“Sport must be ready to return to normal.”
That was the opening statement of Uganda Olympic Committee president William Blick, on Saturday as members of the body discussed Wellness and Health in Sports during and post Covid-19.
Athletes – who are the main stakeholders in sports – have hardly participated in these virtual discussions on how sport can cope with this pandemic.
From the look of things, athletes will have to find this information from third parties like coaches or administrators who participate in these debates or get hit with realities of the new normal when they finally come out of lockdown.
But retired body builder Robert Ssebugwawo warned there is a need to create a team that will “work remotely engage athletes to get the information.”
“Athletes have to know right away that beating this pandemic will require their discipline and consistency in following guidelines,” Ssebugwawo said before going on to offer himself to serve on the team.
“That should help them meet at least 80 per cent of what they should do to keep safe.”
For now, National Council of Sports (NCS) – according to general secretary Dr. Bernard Patrick Ogwel – has constituted an eight-man committee chaired by NCS board member Dr George Galiwango, which started this week to “formulate standard operating procedures that will determine whether sports will come back or not.”
The sports federations have also been urged to make and share specific ways forward that they would wish to proceed post lockdown depending on whether their disciplines are contact to non-contact.
The SOPs should be in line with existing guidelines offered by Ministry of Health and World Health Organization in the bid to curb the spread of the pandemic.
The general secretary of Zimbabwe Olympic Committee Ann Muguni was on the call to share the experiences in her country.
“We agreed that there is no textbook formula to follow in developing SOPs so we had to discuss in collaboration with the ministries of sport and health, Paralympic Committee and medical assistants.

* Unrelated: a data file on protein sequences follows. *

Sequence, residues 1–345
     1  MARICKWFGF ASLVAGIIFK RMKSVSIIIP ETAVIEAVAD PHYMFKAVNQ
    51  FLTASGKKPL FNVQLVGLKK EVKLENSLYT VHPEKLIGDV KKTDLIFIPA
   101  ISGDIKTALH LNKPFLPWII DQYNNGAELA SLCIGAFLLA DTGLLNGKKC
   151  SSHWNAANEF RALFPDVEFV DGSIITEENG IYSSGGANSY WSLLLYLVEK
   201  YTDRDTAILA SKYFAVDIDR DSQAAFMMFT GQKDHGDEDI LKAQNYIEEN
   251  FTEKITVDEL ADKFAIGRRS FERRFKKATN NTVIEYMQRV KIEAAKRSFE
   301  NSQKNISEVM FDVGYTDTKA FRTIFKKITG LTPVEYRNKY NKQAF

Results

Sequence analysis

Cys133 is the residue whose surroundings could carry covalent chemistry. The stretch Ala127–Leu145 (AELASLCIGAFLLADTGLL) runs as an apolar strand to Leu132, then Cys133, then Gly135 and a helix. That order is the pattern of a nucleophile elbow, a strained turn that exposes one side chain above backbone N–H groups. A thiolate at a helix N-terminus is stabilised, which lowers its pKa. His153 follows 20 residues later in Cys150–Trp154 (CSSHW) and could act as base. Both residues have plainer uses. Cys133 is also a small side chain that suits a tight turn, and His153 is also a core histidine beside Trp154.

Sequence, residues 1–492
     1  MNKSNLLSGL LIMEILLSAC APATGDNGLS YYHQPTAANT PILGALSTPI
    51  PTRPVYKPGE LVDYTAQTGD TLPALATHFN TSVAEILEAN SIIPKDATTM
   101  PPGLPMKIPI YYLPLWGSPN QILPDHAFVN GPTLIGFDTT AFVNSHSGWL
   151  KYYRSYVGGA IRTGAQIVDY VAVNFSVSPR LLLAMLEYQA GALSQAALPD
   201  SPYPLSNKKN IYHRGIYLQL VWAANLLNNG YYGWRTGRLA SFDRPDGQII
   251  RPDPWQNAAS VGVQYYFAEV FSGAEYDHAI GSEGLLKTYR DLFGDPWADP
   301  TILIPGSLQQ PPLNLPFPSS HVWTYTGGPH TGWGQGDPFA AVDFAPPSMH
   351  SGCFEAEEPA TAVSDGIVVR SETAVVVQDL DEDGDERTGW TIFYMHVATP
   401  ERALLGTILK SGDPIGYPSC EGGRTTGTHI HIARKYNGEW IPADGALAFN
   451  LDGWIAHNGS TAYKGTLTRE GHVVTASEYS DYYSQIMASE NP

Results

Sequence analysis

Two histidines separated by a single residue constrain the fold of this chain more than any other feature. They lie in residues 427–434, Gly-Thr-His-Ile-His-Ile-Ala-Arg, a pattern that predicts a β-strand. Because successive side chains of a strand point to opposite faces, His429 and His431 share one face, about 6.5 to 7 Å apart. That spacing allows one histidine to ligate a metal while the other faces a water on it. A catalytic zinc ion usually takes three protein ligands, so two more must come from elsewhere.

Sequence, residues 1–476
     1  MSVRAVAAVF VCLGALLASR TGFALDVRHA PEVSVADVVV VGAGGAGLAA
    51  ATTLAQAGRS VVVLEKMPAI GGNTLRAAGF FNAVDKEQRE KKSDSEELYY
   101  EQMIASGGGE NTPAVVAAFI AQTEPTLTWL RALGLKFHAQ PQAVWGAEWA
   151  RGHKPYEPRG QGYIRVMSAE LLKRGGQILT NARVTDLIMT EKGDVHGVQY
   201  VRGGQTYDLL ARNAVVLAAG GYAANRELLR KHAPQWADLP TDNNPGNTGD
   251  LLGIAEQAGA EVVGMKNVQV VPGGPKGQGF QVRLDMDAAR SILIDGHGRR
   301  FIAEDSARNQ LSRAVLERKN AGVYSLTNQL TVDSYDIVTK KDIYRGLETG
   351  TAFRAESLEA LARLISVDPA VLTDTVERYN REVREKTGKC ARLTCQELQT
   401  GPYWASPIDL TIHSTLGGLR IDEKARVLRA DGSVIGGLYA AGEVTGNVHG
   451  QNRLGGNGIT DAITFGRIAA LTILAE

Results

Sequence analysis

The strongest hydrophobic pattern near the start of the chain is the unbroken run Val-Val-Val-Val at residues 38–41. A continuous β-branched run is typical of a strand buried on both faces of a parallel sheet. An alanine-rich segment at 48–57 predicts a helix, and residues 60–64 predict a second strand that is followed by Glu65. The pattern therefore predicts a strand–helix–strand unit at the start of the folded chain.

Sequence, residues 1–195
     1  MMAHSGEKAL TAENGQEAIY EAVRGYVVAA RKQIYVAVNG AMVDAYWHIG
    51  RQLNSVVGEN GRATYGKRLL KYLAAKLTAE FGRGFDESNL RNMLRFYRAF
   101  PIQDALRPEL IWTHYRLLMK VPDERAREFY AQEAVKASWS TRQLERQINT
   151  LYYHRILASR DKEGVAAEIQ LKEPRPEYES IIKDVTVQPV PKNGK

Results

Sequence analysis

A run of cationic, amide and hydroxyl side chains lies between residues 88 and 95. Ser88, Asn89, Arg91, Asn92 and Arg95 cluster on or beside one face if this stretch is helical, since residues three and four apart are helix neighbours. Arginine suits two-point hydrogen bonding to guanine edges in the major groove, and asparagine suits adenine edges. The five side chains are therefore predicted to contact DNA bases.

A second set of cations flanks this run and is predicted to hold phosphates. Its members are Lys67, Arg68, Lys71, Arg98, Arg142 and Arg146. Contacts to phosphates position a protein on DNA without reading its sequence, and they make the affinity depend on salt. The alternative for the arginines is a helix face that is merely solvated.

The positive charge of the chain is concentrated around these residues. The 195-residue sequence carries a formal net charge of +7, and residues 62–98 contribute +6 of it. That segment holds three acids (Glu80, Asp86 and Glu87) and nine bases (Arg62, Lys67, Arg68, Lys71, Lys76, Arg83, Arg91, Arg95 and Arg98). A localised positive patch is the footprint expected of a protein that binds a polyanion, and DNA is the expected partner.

And while there is a huge focus on testing, we are also trying to educate everyone on what to do,” Muguni shared.
Zimbabwe do not know when they will resume but there is a general acceptability that those involved in physical and fitness exercises like sports are at low risk of suffering fatalities when they contract Covid-19.
Their federations, however, will only hold events in consultation with their sports ministry and their sports disciplines have been categorised as either low or high risk. “The low risk disciplines are those where physical distancing is practical and athletes do not need to share equipment.”
Some of the SOPs agreed upon in Zimbabwe include; disinfecting facilities and equipment after training and events, no sharing of equipment, washing hands, sanitizing, no spectators during training, mandatory testing, registration logbooks for clubs, putting up isolation rooms at facilities, and sell of alcohol and cigarettes is prohibited at training and events.
High risk groups like the elderly are also not allowed to attend sports events while athletes have to be dropped and picked up at a park before and after training.
NCS is additionally proposing registration of fans for easy tracing if required and providence of disposable bins at venues among others.
Dr. Galiwango warned that when sport resumes, there will be “changes in how,” for example, “injured players are managed.”
“Athletes will be first tested for Covid-19 to determine if they can come to the clinics. There will be a reduction to face-to-face interaction by about 60 percent if the lockdown stays as is,” he said.
WORKING COMMITTE TO FORMULATE SPORTS SOPS
*Dr. George Galiwango – NCS Board Member (Chairperson)
*Dr. Nana Nakiddu – Head UOC Medical Commission
*Cecilia Anyakoit – Head NCS Technical Committee
*Beatrice Ayikoru – UOC VP/ GS Uganda Athletics Federation
*Moses Matsiko – President Uganda Golf Union
*Nasser Sserunjogi – Head Fuba
*Ganzi Mugula – Head Athletics Commission
*Joshua Cheptegei – Athlete